Jul 26, 2021 - Health

Americans with long-COVID symptoms may qualify for disability resources

President Biden speaking in Arlington, Virginia, on July 23.

President Biden speaking in Arlington, Virginia, on July 23. Photo: Oliver Contreras/Sipa/Bloomberg via Getty Images

Americans experiencing long-term symptoms of COVID-19 may qualify for federal disability resources and must receive accommodations, the White House announced Monday.

Driving the news: The Departments of Justice and Health and Human Services released new guidance that categorizes "long COVID" as a physical or mental impairment, entitling people with the illness to discrimination protections under the American Disabilities Act.

How it works: Anyone who had COVID-19 could develop long-term symptoms, even if the initial illness was mild, according to the HHS.

  • People can experience symptoms of long COVID months after first being infected with the virus.
  • Symptoms include fatigue, brain fog, difficulty breathing, heart palpitations, chest pain, loss of taste or smell and joint or muscle pain.

Yes, but: The HHS said long COVID is not always a disability. "An individualized assessment is necessary to determine whether a person's long COVID condition or any of its symptoms substantially limits a major life activity," the agency said in its guidance.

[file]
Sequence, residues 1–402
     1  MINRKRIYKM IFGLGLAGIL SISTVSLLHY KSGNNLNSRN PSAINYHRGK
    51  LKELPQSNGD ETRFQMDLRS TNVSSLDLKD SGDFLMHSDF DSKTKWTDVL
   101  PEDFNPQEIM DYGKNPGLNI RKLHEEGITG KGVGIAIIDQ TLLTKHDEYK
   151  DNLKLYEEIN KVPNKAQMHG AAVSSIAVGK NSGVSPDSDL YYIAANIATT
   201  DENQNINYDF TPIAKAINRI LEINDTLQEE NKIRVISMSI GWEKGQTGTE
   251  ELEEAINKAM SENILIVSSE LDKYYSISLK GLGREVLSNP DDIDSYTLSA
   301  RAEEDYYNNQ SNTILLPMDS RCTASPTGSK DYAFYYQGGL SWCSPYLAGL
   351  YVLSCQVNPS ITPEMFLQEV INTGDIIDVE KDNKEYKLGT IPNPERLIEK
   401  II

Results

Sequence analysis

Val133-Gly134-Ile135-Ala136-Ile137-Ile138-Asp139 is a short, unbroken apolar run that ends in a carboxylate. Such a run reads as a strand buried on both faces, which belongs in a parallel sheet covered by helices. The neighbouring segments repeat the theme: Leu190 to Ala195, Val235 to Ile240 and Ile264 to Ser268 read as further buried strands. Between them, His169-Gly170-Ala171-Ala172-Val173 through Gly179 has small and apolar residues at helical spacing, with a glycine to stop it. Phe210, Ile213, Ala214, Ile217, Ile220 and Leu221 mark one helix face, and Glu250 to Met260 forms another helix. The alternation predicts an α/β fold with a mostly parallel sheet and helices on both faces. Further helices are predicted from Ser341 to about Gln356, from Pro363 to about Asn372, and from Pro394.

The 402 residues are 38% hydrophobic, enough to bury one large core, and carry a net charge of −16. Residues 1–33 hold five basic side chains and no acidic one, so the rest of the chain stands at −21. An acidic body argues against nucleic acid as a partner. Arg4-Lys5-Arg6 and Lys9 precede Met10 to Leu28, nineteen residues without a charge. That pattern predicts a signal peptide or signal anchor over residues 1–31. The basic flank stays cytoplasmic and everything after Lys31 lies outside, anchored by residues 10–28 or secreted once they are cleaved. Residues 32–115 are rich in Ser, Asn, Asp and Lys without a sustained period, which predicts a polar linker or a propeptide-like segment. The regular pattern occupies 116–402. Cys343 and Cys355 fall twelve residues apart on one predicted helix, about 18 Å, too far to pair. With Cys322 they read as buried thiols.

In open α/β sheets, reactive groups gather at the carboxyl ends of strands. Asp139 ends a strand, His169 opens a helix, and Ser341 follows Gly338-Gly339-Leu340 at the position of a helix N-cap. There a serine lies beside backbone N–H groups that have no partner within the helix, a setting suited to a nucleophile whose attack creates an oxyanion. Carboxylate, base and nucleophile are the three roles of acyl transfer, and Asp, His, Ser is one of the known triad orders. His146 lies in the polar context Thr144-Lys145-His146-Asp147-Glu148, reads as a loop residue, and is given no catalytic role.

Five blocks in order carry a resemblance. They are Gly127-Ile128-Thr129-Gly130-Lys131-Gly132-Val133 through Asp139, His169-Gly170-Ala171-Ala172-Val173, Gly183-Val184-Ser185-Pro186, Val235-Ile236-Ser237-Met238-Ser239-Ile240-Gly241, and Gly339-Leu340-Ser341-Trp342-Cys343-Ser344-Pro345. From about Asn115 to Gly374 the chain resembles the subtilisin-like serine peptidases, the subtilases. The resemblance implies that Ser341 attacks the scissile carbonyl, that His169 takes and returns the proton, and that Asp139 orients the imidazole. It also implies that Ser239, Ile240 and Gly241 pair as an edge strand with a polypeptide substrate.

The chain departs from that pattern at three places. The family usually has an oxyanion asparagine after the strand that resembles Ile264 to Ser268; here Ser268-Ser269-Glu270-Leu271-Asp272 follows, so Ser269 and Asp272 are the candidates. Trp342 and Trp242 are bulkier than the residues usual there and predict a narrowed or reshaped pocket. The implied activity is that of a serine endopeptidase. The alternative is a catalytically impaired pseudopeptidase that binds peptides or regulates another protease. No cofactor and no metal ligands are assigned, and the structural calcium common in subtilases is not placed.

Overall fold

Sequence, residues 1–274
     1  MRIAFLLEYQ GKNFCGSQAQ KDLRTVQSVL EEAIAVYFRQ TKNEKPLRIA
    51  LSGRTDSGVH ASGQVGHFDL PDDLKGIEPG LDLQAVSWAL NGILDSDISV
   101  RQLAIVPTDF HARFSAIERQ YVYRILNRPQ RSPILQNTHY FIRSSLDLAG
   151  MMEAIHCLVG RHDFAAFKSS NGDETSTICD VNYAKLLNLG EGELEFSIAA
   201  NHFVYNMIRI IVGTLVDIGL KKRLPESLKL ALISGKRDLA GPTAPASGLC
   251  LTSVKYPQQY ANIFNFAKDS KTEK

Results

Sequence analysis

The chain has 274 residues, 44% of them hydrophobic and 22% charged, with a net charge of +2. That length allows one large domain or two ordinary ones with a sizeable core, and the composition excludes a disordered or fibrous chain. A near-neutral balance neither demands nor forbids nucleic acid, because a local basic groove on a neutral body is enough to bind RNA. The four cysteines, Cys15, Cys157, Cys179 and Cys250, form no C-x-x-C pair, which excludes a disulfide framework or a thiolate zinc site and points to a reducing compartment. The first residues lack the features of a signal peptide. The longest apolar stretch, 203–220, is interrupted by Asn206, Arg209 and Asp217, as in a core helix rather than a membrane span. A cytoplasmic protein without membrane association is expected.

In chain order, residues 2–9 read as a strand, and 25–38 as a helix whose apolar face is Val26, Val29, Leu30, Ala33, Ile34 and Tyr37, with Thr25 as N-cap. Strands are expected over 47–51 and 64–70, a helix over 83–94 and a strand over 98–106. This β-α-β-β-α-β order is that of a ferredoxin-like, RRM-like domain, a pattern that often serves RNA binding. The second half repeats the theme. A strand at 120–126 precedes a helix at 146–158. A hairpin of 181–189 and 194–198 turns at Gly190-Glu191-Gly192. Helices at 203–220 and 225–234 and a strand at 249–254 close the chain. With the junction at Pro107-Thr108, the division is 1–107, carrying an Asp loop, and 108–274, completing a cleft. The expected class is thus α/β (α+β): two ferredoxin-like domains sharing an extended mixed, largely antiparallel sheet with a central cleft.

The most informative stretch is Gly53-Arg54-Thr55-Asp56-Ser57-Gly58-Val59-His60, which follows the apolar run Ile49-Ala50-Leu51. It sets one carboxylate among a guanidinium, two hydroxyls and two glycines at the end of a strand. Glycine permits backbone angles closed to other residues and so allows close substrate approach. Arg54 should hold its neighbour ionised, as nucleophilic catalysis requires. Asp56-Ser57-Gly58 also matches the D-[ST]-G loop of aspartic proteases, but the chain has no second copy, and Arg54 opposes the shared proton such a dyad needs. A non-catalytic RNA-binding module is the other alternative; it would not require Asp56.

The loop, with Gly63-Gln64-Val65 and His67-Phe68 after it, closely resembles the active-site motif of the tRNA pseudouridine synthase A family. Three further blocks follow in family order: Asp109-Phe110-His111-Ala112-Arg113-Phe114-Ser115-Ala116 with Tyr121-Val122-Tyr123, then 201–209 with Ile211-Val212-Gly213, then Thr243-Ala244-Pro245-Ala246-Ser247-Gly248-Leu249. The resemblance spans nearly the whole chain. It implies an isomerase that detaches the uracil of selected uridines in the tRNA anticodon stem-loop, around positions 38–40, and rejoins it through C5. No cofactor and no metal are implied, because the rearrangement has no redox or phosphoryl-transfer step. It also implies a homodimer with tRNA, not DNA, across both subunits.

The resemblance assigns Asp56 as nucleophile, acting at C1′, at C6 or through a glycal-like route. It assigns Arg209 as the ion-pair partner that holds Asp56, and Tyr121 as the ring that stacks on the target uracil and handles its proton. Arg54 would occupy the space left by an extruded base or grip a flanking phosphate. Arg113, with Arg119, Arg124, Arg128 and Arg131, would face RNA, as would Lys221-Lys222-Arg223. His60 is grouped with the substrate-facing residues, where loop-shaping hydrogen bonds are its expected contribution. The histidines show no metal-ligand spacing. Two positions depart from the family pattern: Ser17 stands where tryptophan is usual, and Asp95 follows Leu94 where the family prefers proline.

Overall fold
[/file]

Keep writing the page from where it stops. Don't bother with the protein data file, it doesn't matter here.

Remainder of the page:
What they're saying: "Many Americans who seemingly recover from the virus still face lingering challenges, like breathing problems, brain fog, chronic pain and fatigue," President Biden said Monday during an event to mark the 31st anniversary of the ADA.

  • "These conditions can sometimes rise to the level of a disability. So, we're bringing agencies together to make sure Americans with long COVID, who have a disability, have access to the rights and resources that are due under the Disability Act," the president added.

Worth noting: The Department of Education will also provide information on schools' responsibilities for adapting services to students for whom long COVID is a disability, the White House said.

The big picture: A study last month from FAIR Health found that about 23% of COVID-19 patients have developed at least one "persistent or new" medical condition more than four weeks after their initial diagnosis.

  • The American Medical Association's House of Delegates, the top physician's group in the U.S., last month called for policies to better diagnose and treat long-haul COVID-19, and endorsed guidelines for guiding any future vaccine mandates and credentials.

Go deeper: NIH to study long COVID in kids

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